Sutton’s weekly comic strip “Ole Road” debuted on Sept. 26, 1986, by introducing mismatched roommates Adam and Moonstone. The strip became an enduring and endearing feature of the newspaper until the characters (and Sutton) graduated in 1989. Moonstone’s parents follow the Grateful Dead which accounts for their son’s name, looks and attitude. (At his birth in 1966, Moonstone explains, his parents cried, “Just what we wanted. A hippie! Tie-dye some diapers!” and he protested the Vietnam War with them as a toddler.) Moonstone tries to get uptight Adam to lighten up, with beers off campus and a setup with Heavy Metal Helga from Carleton. Spoiler alert: after Adam spends time abroad his senior year, broadening his horizons, a newly hirsute Adam appears in the strip, announcing, “Hi, I’m liberal.” But it doesn’t last. He declares, “I’m getting sick of granola! Besides…how many grassroots members drive Porsches?” The real Adam returns before graduation, shorn and in sweater and button-down shirt.
Early in 1987, “condom-mania” broke out on campus as the college abstained from participating in “National Condom Week.” After an employee sold condoms at the Lion’s Pause, provoking many pro and con letters to the editor, Sutton gleefully produced a “Haunting Scenario” on “Ole Road” of what would happen if condoms were sold by the campus health service. A mock Messenger headline is “Wave of Casual Sex Sweeps Campus!! Olaf Image Declines.” A student runs off with fistfuls of condoms saying, “Forget any moral convictions I may have previously had one way or another…Now that Olaf has condoms, I’m having sex!” Notice is posted on a classroom door: “Sorry – Class cancelled due to sex!” The college president calls an emergency meeting of the board of regents but is told, “Sorry, Sir, they’re all out having sex!” The whole matter was spoofed with a Messenger headline “Students Demand Condiments” on May 8.
In the fall of 1987, a new character introduced himself to Moonstone: “I am your new roommate as assigned by Star Fleet Command.” His name: Spock, a Trekkie (follower of the TV/movie “Star Trek” series). Moonstone has trouble adjusting, especially since his new roommate “thinks Led Zeppelin is some kind of Klingon vessel or something.”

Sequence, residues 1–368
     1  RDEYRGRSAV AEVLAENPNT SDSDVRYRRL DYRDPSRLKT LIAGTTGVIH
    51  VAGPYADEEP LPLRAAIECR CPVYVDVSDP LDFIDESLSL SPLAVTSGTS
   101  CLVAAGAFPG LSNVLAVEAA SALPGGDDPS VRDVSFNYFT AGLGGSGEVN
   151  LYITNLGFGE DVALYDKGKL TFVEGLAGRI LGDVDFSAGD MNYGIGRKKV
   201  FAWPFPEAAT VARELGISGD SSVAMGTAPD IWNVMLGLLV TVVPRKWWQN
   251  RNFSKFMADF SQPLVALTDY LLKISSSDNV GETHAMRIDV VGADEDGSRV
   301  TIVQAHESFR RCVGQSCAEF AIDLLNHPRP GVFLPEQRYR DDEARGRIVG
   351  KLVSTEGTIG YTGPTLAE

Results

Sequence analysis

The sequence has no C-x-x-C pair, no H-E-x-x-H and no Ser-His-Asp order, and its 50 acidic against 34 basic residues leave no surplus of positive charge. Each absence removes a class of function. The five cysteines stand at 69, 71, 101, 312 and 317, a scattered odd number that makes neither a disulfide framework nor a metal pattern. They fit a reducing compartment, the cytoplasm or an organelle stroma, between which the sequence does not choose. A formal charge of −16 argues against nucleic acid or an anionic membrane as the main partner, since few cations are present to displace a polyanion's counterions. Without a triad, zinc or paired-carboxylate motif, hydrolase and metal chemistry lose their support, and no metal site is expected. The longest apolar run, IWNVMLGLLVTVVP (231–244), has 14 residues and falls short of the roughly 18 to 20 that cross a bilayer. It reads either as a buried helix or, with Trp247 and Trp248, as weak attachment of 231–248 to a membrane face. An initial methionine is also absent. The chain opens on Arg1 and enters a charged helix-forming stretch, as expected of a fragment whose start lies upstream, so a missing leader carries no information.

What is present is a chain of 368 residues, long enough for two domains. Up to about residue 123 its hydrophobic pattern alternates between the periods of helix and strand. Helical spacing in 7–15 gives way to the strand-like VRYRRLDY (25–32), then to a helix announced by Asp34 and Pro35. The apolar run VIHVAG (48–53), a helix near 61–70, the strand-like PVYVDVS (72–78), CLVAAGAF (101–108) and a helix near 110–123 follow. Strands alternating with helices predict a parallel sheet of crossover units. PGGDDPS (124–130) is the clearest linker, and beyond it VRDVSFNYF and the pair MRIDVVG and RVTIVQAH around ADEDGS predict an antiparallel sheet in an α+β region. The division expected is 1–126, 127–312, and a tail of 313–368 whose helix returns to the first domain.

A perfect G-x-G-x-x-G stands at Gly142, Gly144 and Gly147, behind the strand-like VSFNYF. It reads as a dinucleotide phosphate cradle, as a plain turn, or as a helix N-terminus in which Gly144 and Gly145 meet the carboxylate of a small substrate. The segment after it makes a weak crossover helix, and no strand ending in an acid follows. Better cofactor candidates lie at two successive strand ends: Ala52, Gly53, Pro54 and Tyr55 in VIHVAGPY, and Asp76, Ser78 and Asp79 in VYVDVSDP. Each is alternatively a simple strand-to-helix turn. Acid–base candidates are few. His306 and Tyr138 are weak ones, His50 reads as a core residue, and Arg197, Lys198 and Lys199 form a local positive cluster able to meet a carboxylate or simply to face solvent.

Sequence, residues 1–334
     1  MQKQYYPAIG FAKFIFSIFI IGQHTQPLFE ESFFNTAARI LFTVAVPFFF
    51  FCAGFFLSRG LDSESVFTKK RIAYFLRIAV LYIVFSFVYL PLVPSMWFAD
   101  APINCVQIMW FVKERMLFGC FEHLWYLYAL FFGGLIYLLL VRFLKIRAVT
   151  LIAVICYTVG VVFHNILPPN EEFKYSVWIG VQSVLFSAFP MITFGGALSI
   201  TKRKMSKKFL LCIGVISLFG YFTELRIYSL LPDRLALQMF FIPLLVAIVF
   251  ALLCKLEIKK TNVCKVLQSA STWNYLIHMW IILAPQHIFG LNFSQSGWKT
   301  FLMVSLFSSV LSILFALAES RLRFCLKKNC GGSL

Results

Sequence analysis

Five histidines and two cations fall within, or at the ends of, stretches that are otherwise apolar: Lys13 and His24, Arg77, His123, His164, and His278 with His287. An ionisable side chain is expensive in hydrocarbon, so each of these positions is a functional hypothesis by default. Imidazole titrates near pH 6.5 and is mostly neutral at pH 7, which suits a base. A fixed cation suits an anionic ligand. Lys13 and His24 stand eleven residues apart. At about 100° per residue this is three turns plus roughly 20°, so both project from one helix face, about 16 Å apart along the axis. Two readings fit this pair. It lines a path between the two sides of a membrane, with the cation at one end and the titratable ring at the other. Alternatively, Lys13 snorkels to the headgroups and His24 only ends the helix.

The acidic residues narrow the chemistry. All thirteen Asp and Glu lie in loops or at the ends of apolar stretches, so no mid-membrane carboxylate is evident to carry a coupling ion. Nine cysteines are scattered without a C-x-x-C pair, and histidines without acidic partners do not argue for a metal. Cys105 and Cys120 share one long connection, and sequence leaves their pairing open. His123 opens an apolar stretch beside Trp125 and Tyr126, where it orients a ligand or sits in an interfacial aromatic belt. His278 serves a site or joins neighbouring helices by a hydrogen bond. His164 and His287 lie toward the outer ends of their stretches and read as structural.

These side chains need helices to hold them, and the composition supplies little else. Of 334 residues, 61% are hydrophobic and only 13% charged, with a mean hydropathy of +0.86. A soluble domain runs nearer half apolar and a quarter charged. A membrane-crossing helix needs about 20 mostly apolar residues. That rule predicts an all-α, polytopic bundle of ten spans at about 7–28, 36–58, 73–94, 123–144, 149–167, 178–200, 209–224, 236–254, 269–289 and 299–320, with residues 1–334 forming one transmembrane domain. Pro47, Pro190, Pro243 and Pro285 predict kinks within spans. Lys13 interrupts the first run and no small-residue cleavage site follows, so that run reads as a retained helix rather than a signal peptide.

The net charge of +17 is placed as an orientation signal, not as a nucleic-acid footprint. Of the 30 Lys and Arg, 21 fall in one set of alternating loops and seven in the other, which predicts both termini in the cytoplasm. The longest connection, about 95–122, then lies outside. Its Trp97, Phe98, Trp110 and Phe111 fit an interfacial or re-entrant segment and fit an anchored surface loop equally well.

For the last “Ole Road” of April 28, 1989, Sutton imagined the future of his Ole Road ensemble, with Spock becoming president of the Trekkie Fan Club, Adam running for vice president with presidential candidate Dan Quayle, Moonstone following the Grateful Dead until the death of Jerry Garcia.
In the last panel Sutton appeared in a drawing of himself, heading away from Ole Road, saying, “Well, so long! See ya in the funny papers…”
Dreams do come true.
Sutton Noted for Cartoon Parodies
Sutton has been given accolades by his peers, publishers and the public for his uncanny ability to parody drawing styles of many other cartoonists. He displayed this talent in the Manitou Messengers in the December issues of 1987 and 1988, treating fellow Oles to comic parodies of “Scarfield” (“Garfield”), “Gloom County” (“Bloom County”), “Deniss the Homicidal Menace,” and so on.
Sutton parodied 20 comics, giving them a rightward slant, for his award-winning “Tea Party” comics for the Boston Globe last fall. These included Hagar (“Horribly Misrepresented by the Liberally-Biased Media”) saying, “I’m fed up with big government over-regulating our raping and pillaging!” and “The Family (Not a Circus, a Sacred Institution)” showing the children wailing, after watching Fox News: “Pres’dent Osama is gonna kill Gran-ma with Death Panels.” Sutton told the Globe his favorite parody was “Family Circus” because the “fearful hysteria embodied by Tea Partiers seems a natural fit coming from the mouths of irrational little children.” Sutton added that the best response he has gotten from the Tea Party comics was a message of “resounding praise” from the “Usual Gang of Idiots” at Mad Magazine.
Sutton’s cover art in the Village Voice of April 6 of this year takes his talent a step further, as he draws traditional comic book characters as they might be portrayed by other comic artists. For example, a surprisingly curvaceous Olive Oyl is drawn in the style of R. Crumb, Charlie Brown in the action comic style of Jack Kirby.
Sutton’s mentor at St. Olaf, Wendell Arneson, admires the inspired versatility of Sutton and says, “It is always magical to see what he comes up with in his art.”